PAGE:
Russian hackers used Facebook ads to pit different social, racial and political groups against one another. Photo: Joerg Koch / AP

Last week, Facebook said it was planning to turn more than 3,000 ads bought by Russian operatives during the 2016 campaign over to congressional investigators. On Monday, the Washington Post reported on details of some of the ads, which pitted different social groups against one another. For example, some of the Russian ads promoted groups like Black Lives Matter, while others warned that those groups pose a dangerous threat to society.

Between the lines: Russian hackers, who worked off of evolving lists of racial, religious, political and economic themes, were able to take advantage of the ability to send targeted messages to different Facebook users based on their political and demographic affiliations. The aim appears to have been to inflate tension between already feuding groups.

Facebook declined to comment, but referred Axios to its earlier update, which noted that "the ads and accounts appeared to focus on amplifying divisive social and political messages across the ideological spectrum."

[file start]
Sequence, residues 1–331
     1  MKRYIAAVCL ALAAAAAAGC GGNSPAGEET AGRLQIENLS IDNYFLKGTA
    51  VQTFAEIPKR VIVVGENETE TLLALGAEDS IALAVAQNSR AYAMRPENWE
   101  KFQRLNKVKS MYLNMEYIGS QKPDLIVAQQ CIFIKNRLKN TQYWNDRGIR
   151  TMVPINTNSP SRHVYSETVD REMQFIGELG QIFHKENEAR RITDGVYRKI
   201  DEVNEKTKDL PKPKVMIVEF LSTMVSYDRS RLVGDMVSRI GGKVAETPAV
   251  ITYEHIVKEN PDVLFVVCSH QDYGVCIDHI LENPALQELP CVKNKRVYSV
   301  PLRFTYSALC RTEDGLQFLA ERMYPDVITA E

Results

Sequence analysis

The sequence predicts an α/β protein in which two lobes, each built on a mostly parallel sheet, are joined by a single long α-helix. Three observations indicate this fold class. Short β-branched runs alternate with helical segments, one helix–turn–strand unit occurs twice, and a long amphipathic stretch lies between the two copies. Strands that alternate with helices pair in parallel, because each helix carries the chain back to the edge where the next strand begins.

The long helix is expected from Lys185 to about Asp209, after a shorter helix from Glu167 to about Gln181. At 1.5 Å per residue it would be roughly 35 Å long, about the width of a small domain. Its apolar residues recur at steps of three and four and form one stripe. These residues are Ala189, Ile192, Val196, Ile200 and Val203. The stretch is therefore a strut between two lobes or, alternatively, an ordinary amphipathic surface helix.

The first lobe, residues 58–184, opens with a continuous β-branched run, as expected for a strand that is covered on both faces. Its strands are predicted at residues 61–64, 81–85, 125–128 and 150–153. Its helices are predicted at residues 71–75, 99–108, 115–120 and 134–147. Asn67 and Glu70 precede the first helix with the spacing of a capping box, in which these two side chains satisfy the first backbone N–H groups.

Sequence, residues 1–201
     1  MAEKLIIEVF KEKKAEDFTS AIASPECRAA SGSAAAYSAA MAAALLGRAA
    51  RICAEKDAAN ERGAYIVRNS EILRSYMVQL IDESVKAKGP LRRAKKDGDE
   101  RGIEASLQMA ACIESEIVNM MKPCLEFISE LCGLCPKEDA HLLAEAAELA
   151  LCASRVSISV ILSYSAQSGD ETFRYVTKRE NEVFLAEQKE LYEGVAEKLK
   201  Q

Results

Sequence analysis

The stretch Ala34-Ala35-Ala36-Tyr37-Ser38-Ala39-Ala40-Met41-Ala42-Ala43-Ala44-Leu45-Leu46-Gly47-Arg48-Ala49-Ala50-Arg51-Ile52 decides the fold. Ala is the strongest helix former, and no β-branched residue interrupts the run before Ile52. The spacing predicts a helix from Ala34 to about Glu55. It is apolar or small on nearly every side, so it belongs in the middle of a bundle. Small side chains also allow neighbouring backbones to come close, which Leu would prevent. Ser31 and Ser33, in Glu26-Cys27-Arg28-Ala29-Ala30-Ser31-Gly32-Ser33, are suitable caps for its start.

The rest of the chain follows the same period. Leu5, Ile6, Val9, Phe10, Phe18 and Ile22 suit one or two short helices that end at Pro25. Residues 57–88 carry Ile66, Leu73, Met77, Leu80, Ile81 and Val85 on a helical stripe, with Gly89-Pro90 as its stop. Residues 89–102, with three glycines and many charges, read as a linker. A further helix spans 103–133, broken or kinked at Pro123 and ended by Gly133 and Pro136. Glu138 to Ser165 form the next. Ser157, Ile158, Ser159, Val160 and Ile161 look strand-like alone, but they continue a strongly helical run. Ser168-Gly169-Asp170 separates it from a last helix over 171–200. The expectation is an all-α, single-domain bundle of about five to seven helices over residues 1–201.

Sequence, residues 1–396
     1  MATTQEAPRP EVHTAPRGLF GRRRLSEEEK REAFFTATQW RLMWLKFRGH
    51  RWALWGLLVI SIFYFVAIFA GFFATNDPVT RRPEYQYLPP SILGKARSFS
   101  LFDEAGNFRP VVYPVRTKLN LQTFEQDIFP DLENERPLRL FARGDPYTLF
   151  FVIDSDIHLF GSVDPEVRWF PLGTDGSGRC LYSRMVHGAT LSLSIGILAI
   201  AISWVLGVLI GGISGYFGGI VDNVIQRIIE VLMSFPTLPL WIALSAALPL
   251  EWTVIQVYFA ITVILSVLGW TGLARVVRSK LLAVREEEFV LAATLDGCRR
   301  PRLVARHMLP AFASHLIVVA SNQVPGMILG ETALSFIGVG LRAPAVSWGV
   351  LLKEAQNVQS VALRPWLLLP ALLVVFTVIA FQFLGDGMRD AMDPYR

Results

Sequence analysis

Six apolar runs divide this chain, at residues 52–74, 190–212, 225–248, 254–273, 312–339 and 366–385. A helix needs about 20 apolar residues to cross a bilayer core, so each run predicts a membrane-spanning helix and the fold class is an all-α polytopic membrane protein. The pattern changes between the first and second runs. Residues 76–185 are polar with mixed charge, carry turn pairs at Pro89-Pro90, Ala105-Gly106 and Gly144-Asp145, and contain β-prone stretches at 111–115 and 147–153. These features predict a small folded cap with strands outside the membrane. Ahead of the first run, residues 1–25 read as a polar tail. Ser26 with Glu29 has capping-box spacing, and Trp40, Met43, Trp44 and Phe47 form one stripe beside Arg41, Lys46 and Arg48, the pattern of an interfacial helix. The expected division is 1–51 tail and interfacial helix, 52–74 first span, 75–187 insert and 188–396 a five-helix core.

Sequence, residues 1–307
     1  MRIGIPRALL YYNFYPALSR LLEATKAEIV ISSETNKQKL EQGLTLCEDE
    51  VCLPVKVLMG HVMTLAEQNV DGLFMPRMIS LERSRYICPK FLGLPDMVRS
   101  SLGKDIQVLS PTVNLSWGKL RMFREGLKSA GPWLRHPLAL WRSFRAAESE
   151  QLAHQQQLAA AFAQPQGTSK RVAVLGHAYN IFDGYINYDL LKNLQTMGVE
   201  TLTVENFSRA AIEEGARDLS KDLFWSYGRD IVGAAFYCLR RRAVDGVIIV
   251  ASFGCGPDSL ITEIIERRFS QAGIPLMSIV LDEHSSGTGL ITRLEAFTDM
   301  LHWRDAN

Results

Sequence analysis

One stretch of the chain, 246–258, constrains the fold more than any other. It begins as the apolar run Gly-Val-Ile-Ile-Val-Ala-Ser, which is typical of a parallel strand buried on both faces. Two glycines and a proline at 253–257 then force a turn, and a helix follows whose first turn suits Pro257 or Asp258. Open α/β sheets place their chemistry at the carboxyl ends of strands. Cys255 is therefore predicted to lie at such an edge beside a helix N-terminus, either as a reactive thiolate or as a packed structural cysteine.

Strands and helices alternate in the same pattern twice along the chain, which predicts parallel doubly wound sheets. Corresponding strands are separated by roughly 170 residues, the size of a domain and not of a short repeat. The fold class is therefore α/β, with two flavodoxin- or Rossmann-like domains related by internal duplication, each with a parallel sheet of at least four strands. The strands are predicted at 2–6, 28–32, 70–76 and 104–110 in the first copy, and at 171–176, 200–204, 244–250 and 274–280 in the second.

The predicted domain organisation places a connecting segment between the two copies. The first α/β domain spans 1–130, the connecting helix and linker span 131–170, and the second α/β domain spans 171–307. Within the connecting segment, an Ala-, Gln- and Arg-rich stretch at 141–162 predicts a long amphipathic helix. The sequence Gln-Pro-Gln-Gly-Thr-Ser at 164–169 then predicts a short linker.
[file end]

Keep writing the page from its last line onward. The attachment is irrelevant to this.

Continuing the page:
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In photos: Thousands evacuated as Southern California fire grows

A plane makes a retardant drop on a ridge at the Apple Fire north of Banning in Riverside County, which "doubled in size" Saturday, per KTLA. Robert Gauthier / Los Angeles Times via Getty Images

A massive wildfire that prompted mandatory evacuations in Southern California over the weekend burned 26,450 acres and was 5% contained by Monday afternoon, the California Department of Forestry and Fire Protection said.

The big picture: As California remains an epicenter of the coronavirus pandemic in the U.S., some 15 separate fires are raging across the state. About 7,800 people were under evacuation orders from the Apple Fire, about 75 miles east of Los Angeles, as hundreds of firefighters battled the blaze. CalFire said Monday that a malfunction involving a "diesel-fueled vehicle emitting burning carbon from the exhaust system" started the Apple Fire.

Twitter faces FTC fine of up to $250 million over alleged privacy violations

Photo: Rafael Henrique/SOPA Images/LightRocket

The Federal Trade Commission has accused Twitter of using phone numbers and emails from its users to make targeted ads between 2013 and 2019, Twitter said in an SEC filing published Monday.

Why it matters: Twitter estimates that the FTC's draft complaint, which was sent a few days after its Q2 earnings report, could cost the company between $150 million and $250 million. The complaint is unrelated to the recent Twitter hack involving a bitcoin scam.